The other day, I was at M&S, and they had a massive 75% sale on all the Christmas packaging, ribbons etc. Everything was plastic-free. However, as tempting as the offer was, I remembered that I still have the Christmas paper I got last year; so, I couldn’t be bothered to buy anything. I found the whole process of deciding, choosing, and going to the cashier too much hard work. I love that during last year I have become a lazy ass shopper who can’t be bothered to buy 🙂

On our recent travel to Spain, I bought a sandwich wrapping cloth that I hope my son will use for his school lunches. He didn’t like the wax paper and found his sandwiches soggy after a while. However, in all honesty, I didn’t do much research into the wax paper brand I purchased. Knowing what brand you are buying from while making sustainable swaps, is mega important. 

As for my sandwiches, I use my recycled, reused, and re-purposed sari wrapping for sandwiches, which I got from the zero-waste shop; or paper bags if carrying containers is too much of a hassle on the day. I save all the paper bags from the products I buy.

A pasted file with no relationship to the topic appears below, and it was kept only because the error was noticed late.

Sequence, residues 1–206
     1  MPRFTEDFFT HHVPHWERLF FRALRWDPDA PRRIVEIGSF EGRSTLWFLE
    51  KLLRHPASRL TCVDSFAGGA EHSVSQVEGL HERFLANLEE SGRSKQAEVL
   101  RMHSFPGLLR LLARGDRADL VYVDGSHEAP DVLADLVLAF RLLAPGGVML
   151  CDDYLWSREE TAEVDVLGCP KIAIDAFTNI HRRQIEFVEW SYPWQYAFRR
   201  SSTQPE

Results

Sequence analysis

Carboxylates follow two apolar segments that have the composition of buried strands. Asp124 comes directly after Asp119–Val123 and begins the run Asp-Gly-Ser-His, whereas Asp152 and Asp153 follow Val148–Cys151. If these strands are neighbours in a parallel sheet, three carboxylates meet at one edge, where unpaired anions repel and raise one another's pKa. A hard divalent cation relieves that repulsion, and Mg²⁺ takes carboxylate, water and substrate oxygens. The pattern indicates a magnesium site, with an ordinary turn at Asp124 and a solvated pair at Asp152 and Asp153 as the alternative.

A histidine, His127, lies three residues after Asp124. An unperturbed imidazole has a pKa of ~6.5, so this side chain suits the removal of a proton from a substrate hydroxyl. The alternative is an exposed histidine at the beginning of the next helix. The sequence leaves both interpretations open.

Fix it – in 2021, I wasn’t as strict with myself about buying clothes as in 2020, and I bought two pairs of sandals, one sweater, one pair of trousers, and one sweatshirt, all on top of the period underwear.

I tried to fix as many things as I could, and I even bought a sewing machine, which I had to leave at my mum’s house until I have enough space to have my office/studio.

I fixed my socks at the beginning of the year, but unfortunately, they need re-fixing again. This was a 2020 Christmas gift, and John Lewis should be ashamed of the quality of products they offer (Note to self: over-priced shop with sliding quality of products).

But I’m happy to let you know that I fixed my favourite cardigan and, by doing so, inspired another woman to fix hers, instead of throwing them away. It’s not perfect, but it’s my work, and I’m super proud of it. It looks very original and unique.

Instead of donating clothes to charities, I started giving our clothes and shoes away to the local Refugee Hub. The refugees will have better use of them than the charity shops. Donating my daughters’ clothes made me pretty content because usually, kids get so many clothes from different people. Unfortunately, many children’s clothing is incredibly cheap, which means that even charities have a hard time re-selling the clothing.